If you're using e1000 chips (Intel 1GE, often integrated into motherboards) the driver defaults to 256 Rx and 256 Tx descriptors. This is because early versions of the chipset only supported this. All recent versions have 4096, but the driver doesn't autodetect this. Increasing the number of descriptors can improve performance dramatically on some hosts.
To check if you are using an e1000 driver, do this:
ethtool -i eth0
On Linux, add this to /etc/modprobe.conf:
alias eth0 e1000
options e1000 RxDescriptors=4096,4096 TxDescriptors=4096,4096
and then reboot.
You can also add this to /etc/rc.local to get the same result.
ethtool -G rx 4096 tx 4096
To verify that this worked, run (as root): ethtool -g eth0
On FreeBSD, add this to /boot/loader.conf:
and then reboot. To verify that this worked, run (as root):
and look at /var/log/messages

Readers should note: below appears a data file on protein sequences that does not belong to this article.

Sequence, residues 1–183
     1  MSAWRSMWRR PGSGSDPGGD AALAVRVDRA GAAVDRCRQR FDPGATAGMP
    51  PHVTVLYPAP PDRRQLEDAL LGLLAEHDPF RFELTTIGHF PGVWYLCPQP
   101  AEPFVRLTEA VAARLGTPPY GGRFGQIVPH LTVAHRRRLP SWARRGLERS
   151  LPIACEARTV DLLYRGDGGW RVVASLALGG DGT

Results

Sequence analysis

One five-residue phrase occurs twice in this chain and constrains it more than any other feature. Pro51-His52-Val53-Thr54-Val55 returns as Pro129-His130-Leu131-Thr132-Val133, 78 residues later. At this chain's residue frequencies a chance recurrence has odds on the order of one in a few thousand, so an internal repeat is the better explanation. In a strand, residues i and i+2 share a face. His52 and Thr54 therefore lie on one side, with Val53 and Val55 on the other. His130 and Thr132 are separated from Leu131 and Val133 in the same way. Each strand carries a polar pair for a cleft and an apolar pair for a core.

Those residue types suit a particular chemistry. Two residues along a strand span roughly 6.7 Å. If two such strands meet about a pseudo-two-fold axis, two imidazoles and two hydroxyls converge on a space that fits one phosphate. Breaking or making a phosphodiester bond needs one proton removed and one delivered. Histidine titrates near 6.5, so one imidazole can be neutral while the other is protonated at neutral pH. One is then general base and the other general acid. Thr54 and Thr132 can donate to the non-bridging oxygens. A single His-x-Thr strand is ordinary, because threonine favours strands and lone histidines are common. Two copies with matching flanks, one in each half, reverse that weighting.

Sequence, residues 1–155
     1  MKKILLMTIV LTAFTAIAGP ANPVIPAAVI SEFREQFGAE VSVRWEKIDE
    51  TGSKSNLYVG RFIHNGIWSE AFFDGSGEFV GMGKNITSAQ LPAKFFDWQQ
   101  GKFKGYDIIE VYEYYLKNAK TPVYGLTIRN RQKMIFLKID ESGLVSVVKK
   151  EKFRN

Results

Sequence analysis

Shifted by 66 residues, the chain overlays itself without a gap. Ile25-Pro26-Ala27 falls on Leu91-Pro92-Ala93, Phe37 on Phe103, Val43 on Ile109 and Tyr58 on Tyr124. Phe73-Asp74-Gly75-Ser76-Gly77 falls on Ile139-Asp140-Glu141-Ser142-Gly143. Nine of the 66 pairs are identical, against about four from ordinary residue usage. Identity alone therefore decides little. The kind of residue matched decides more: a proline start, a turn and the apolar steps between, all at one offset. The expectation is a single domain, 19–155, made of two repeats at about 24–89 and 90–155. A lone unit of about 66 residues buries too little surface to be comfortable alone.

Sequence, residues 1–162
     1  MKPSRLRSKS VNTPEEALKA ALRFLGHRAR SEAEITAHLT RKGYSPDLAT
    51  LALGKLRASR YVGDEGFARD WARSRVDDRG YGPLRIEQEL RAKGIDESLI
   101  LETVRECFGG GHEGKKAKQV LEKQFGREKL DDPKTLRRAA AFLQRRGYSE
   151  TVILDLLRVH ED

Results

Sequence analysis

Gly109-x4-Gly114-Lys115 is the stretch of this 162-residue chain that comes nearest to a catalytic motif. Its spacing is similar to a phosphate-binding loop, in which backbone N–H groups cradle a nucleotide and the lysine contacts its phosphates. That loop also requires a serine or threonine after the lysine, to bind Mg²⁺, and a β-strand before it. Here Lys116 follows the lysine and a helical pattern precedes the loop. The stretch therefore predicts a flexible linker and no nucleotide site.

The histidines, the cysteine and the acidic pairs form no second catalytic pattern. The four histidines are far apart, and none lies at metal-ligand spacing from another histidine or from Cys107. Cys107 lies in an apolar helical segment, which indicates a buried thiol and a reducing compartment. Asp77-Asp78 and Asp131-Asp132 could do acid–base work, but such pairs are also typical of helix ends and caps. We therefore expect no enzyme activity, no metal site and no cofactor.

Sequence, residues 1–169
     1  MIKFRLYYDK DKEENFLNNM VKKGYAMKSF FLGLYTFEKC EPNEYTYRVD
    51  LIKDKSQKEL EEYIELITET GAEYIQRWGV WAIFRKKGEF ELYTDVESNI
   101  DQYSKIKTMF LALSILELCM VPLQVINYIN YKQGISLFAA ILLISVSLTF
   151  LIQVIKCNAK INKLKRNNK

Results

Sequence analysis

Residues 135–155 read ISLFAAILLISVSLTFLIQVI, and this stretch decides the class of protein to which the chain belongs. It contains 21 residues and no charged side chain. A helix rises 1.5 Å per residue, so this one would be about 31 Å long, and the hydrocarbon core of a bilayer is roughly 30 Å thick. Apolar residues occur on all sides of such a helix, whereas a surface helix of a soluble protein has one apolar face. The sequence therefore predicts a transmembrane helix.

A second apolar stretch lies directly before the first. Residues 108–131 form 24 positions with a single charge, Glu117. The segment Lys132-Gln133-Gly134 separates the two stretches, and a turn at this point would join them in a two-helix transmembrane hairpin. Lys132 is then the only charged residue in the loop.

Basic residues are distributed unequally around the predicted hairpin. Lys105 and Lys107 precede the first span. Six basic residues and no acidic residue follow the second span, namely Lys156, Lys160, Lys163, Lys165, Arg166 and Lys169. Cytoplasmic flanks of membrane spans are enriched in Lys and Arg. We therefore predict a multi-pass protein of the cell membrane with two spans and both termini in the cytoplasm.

Mellanox 10Gig NIC Tuning Tips for Linux
See the Mellanox Performance Tuning Guide.
Myricom 10Gig NIC Tuning Tips for Linux
The Myricom NIC provides a number of tuning knobs. In particular setting interrupt coalescing can to help throughput a great deal:
/usr/sbin/ethtool -C ethN rx-usecs 75
For more information
|Myricom Performance Tuning Guide|
In particular, we've seen very dramatic improvements in firewalled environments using the Mryicom "Throttle" option. We have also seen up to 25% improvement using the latest driver downloaded from myricom and complied from source instead of the default driver from the Redhat/CentOS release.
Chelsio 10Gig NIC, Linux and FreeBSD
It has been reported that both TCP Segmentation Offloading (TSO) and TCP Offload Engine (TOE) on the Chelsio NIC radically hurt performance on a WAN (they do help reduce CPU load without affecting throughput on a LAN).
To turn off TSO do this:
ethtool -K interface tso off
To disable TOE requires using the Chelsio "nic" driver instead of the "toe" driver. See the README file that comes with the driver source code available at http://service.chelsio.com/ for more information.
Chelsio also provides a script called 'perftune.sh' to tune a variety of settings on Linux.